A few months ago, a European professional in Ramallah threw a farewell party after completing part of the project for which he was recruited. The European himself, a Belgian, spent many years previously in the Palestinian territories and was very well liked locally, not least because he married a Palestinian woman, but that’s another story.
A friend and old colleague of mine came up to me at the party and asked me discretely about A., a good-looking and outgoing woman who works with us: “What religion is she?” “Muslim, I said.” “Good,” he said. “What sort of ID does she hold?” I replied, “She is Palestinian with a Jordanian passport who overstayed here. Why?” “What a pity,” he said, “because a friend of mine, Y., who has just met and chatted with her likes her and wanted to find out.”
Such a question might seem odd elsewhere. But in Palestine it is very relevant.
There are tens of thousands of Palestinians with Jordanian or other foreign passports who are denied by the Israeli occupying army, or by the Israeli ministries of interior or labor, from residing in the Palestinian territories. Others are prevented from visiting or returning to the territories, although they have family, friends, business or studies, in a very arbitrary manner. The reason given by the Israeli authorities is often bitakhon, or security, without bothering to give any shred of justification. This has led many Palestinians, and even non-Palestinian wives and relatives, to overstay their Israeli permits for fear of not being allowed back. This was the case of A.
So many families in Palestine, and also in Israel, are separated by different passports. A Palestinian orange ID holder marrying a Palestinian with an Israeli nationality will not be allowed to live in Israel and the spouse with Israeli nationality will be not allowed to live in the Palestinian Authority areas. Even a Jerusalem blue ID holder marrying a West Banker will not be permitted to have her spouse live with her in Jerusalem. So the question of what ID is held by the subject of one’s fancy has to be asked before one falls in love with her or him.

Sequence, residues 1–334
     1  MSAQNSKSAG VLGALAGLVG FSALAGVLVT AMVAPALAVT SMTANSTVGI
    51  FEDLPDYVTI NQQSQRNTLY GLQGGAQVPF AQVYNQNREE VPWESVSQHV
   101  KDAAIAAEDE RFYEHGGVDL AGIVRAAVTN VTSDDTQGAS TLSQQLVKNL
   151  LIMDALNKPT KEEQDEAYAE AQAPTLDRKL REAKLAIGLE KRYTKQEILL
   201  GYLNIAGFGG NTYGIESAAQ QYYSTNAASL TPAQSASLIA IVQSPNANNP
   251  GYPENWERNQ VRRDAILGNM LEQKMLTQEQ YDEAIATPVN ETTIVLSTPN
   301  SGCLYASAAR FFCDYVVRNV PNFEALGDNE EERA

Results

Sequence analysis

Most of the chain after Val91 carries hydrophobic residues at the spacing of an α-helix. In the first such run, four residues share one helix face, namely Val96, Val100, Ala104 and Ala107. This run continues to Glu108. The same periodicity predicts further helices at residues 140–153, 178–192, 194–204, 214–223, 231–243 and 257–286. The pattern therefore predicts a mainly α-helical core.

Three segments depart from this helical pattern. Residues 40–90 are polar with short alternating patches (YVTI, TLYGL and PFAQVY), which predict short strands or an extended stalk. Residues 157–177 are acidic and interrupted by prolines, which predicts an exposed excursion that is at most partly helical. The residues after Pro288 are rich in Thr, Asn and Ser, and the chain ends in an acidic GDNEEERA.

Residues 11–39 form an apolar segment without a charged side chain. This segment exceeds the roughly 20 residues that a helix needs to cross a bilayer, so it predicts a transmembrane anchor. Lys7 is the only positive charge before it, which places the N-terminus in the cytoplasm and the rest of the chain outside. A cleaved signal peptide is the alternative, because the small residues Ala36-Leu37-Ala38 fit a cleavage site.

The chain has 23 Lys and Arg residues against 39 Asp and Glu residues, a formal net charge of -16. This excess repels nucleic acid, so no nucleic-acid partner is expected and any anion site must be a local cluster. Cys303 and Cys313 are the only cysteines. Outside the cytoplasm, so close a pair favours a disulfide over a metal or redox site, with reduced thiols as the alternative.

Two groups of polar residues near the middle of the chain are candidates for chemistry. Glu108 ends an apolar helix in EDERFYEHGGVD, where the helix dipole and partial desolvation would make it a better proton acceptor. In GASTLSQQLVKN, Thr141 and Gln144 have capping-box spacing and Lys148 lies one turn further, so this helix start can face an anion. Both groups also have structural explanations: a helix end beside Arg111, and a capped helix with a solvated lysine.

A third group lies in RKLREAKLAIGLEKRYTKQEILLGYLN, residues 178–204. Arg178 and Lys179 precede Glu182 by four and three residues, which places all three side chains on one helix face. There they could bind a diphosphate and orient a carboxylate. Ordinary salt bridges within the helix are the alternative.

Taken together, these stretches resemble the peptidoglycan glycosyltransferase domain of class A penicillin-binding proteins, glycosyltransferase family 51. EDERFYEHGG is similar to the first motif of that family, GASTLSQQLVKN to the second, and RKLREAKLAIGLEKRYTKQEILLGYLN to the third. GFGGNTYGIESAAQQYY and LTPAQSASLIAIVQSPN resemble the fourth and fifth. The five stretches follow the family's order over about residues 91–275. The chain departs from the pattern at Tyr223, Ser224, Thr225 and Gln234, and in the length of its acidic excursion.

This Israeli policy was met with resistance prompted by an active grassroots campaign and pressure from the governments of nationals denied entry or re-entry to the occupied Palestinian territories. Israeli overtures towards the Palestinian Authority in response included the granting of family unification to members of families torn apart by differing nationalities and IDs. A. was eventually among the lucky ones, but not all her family.
I have never seen A. so ecstatic as when her name appeared on the list of those to be allowed to apply for a Palestinian ID, itself issued by the Israeli occupying army. She immediately sent in her papers and a week later went to Jordan to see her sisters and relatives that she had not seen for close to ten years. She also found that there is more choice in shopping there than the confines of Ramallah which she was always afraid to leave lest she be caught at an Israeli army checkpoint.
A. came into my office this week, with a broad and telling smile, to say that her admirer Y., who stayed mostly away after the party, has turned up again to visit A., showing renewed interest. The rest might become history.
Ghassan Abdullah is a computer adviser in the West Bank city of Ramallah.